A Year in Review

 

So, on 12 December 2015, my 2 year blogging anniversary came and went without as much as a whimper.  2015 has not been a good year for me, as far a gaming goes.  Ever since the ending of the “Giants in the Earth,” my attempts at running a campaign have gone poorly.

My “Shadowfell Road” campaign died a malingering death of extended inaction.  My “Pellham” campaign (with all the great modules that I combined) couldn’t continue, due to my players’ extra-game commitments.  My Zentlan campaign is not dead, but it stuck on an extended hiatus…I have hope that after the holidays that it will be back.  My blogging has been spotty, at best.  I haven’t finished the corrections for my StatBonus.com submission.  I haven’t completed my review of Morgan Newquist’s story, The Blacksmith and the Ice Elves.  All in all, I haven’t gotten my game back.  Even my fiction writing has suffered.  All of this has been pinned on the backdrop of my friend Ed’s death.  He did not win his fight with cancer, but left this world with his pride and dignity intact.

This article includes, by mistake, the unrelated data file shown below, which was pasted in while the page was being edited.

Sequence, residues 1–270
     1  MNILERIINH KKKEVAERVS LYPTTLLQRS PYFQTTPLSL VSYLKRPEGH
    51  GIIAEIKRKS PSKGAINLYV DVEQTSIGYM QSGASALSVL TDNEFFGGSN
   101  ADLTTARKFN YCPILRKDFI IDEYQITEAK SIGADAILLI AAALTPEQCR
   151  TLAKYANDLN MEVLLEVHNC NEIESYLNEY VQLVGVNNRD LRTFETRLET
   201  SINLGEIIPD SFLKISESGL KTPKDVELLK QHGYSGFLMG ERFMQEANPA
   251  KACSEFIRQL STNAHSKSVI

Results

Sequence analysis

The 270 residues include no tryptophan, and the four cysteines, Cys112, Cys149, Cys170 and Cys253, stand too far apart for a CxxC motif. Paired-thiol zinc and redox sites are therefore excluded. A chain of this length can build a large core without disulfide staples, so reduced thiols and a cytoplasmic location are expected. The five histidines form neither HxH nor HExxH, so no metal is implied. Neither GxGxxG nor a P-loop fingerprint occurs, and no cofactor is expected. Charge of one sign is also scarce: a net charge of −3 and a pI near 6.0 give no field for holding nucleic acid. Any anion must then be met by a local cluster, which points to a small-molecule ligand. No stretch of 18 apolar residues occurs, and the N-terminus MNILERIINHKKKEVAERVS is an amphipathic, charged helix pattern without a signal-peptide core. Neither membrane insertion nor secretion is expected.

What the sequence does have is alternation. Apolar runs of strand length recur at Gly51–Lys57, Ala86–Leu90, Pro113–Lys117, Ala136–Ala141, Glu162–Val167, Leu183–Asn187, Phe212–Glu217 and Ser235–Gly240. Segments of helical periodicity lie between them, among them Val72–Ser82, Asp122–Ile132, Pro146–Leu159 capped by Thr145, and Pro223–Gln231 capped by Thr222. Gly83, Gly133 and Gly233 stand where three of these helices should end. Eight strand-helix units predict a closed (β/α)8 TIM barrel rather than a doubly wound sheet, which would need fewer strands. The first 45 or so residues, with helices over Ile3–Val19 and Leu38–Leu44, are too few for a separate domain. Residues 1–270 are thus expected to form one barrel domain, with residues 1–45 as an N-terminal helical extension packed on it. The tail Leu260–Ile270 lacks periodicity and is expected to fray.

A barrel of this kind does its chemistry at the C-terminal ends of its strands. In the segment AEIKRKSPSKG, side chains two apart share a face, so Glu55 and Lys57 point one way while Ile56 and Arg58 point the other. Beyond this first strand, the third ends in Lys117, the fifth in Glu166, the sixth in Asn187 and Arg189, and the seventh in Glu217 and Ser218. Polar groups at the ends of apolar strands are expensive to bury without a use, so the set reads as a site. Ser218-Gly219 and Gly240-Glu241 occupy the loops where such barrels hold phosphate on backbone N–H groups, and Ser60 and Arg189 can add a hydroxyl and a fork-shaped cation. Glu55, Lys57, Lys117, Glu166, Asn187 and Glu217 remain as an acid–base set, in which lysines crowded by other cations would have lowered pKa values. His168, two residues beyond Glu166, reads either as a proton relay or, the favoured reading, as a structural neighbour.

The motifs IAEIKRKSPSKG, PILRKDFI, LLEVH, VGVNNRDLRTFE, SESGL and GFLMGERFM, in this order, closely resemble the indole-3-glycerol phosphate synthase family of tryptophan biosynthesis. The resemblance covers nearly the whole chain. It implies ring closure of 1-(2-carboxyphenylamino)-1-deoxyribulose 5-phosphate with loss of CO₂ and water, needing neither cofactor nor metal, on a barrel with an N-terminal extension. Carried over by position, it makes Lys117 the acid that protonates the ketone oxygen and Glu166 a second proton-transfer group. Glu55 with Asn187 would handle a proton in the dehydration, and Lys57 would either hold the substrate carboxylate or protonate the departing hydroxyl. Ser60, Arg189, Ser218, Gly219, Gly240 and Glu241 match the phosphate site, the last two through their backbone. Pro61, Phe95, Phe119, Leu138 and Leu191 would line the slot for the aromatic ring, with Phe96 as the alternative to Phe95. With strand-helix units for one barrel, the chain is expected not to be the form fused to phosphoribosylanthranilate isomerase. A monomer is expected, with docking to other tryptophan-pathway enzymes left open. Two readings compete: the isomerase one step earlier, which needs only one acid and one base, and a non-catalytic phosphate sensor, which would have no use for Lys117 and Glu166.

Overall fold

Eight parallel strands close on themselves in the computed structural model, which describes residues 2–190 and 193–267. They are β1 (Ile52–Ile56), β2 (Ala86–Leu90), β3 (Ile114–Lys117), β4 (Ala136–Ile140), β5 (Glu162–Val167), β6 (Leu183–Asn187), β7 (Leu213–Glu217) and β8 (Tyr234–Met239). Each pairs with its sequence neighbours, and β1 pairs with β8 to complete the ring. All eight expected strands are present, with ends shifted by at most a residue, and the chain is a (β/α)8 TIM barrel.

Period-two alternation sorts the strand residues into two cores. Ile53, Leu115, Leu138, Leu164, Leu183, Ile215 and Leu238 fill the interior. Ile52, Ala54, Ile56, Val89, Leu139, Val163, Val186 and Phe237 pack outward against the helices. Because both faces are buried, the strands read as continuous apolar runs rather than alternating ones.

I miss gaming.  I miss my friends, both those living and those beyond.  I miss my creative spark and I want better things to come.  With only five days left till Christmas, followed by a trip to visit family and friends in Mississippi, it is unlikely that I will post on my blog again this year.  I just wish I could feel better about this post and be more positive in this missive to my readers.  Alas, I cannot.  May the year’s end find you, my readers in better light.

I am struggling, but I haven’t given up.  Please dear readers and friends, Game On, until we meet again.

 

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A is for Aries

As I have mentioned before, I think that I originally named the months of the Rimoric Calendar after the twelve signs of Western Astrology, so that the month names were both familiar and exotic.  Whether that is true or not is irrelevant.  What is relevant is the idea that 1 Aries 1 Age of Silver is first date of recorded history for Rilmorin.  It represents the beginning of timekeeping in my games.